Holiday (House) Shopping
On November 30, 2011 | 7 Comments | Uncategorized | Tags: , , , , , ,

I was going to write a definitive piece about Black Friday and the holiday shopping insanity, but I found myself chasing another butterfly this morning. Several other bloggers have already done a fine job. Besides, being Jewish, I tend to just stay out of the malls in December, preferring instead to hide under my bed until mid-January, when the returns and post-holiday sales have passed. I am also guessing that someone willing to pepper spray other shoppers probably doesn’t read this blog.

I’ve never liked to shop. I get overwhelmed when I go into stores. If I can buy something that I need online, more the better. And this month I am in the midst of one of the most stress-inducing forms of shopping known to man: house buying.

We have found, and fallen in love with, a house in our new home town. The size is right, the layout is perfect, and it offers drop-dead gorgeous views of water in two directions. Sitting in it, we watch ships go by. Clouds shift and change by the minute. For two people who work from home, having a view is a major plus. Right now hubby works in a sun room that overlooks my garden, and he likes to watch the squirrels, butterflies, bees, and birds flitting around. We eat breakfast and lunch in this room, and we never tire of nature’s exuberance that is always on display.

While I can’t pretend to speak for all women (I hate to shop, after all), I guess that many of us want our nest to be just right. Home is our sanctuary, a place where we can create happy memories to echo beyond our generation into the future. In our homes, we create traditions, we kiss hurts, we laugh, we cry, we sing, and sometimes we do all of that in a ten-minute period! We hang photographs of smiling faces and dream of grandchildren. I love having my own home, painting it with colors I like, and not having to worry about doing something that displeases the landlord. Home is where the heart is, indeed.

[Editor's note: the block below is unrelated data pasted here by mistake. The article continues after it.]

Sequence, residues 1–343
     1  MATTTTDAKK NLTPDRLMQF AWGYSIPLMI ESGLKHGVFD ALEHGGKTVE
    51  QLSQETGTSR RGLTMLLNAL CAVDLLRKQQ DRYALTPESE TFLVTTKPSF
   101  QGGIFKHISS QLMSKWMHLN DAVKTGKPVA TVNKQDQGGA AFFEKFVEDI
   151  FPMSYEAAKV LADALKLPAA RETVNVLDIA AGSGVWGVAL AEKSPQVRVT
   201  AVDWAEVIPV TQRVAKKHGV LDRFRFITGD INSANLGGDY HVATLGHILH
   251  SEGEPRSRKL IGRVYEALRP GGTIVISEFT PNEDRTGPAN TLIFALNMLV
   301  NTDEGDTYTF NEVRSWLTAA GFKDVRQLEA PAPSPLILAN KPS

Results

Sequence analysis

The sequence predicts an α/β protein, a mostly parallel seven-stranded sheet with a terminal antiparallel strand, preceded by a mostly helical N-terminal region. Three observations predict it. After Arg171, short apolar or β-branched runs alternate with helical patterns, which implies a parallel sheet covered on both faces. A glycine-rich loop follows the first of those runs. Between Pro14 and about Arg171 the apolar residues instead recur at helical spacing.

Unless, of course, you’re buying a house. After the initial thrill of seeing it for the first time, we have to start kicking its tires. We review and inspect. We mentally arrange our furniture in the rooms while critically eyeing the slope of a floor. We balance our longing for the future life we’ve already imagined with the cold reality of whether or not the repairs are worth the cost.

I’ve always loved old homes, and this is my blessing and curse. Old homes have character and stories in their walls. In the home I live in now, I felt from the time I first stepped into it that it had been a happy one. A young family moved into it, and the children grew up and left home. After years of marriage, the husband succumbed to cancer, and his widow sold it to us, passing along more than 40 years of history to us. I still feel this family in the walls of the house, as though their joy left a permanent imprint.

Yet an old home must have “good bones.” Inspections have revealed some issues with the “new” house that look more like osteoporosis to me. We are hoping for the best, but this morning I knew when I woke that my head must balance my heart. My business sense kicked in, and I made requests to our realtor that may break the deal. It felt right, and I felt empowered. In my younger days, I often let love talk me into bad decisions, and I am grateful not to do that anymore. Self-love and self-respect have replaced need, and I knew that I could let the house go, if that is what is best. Thank God these gray hairs are good for something!

If the deal does fall through, the part of me that already imagined living there will hurt — but I have been around long enough to know that if this one doesn’t work, we will find another. At worst, we will rent a home for a while until we find one that works. In the meantime, though, we will have each other, our family photos, our memories, and our dreams…and that is home enough.

As I read this, maybe it’s more about holiday shopping than I realized. We can apply the same principles: are we willing to compromise our values to get a certain item for a certain price? Do we operate from need or self-respect? Are we willing to walk away from a purchase if that’s the right thing to do, regardless of what emotional attachment we may have? And finally, what is truly important to us? Is it a “thing” that creates the joy in our lives, or is it the experience of being together, of loving each other, wherever that is, that matters?

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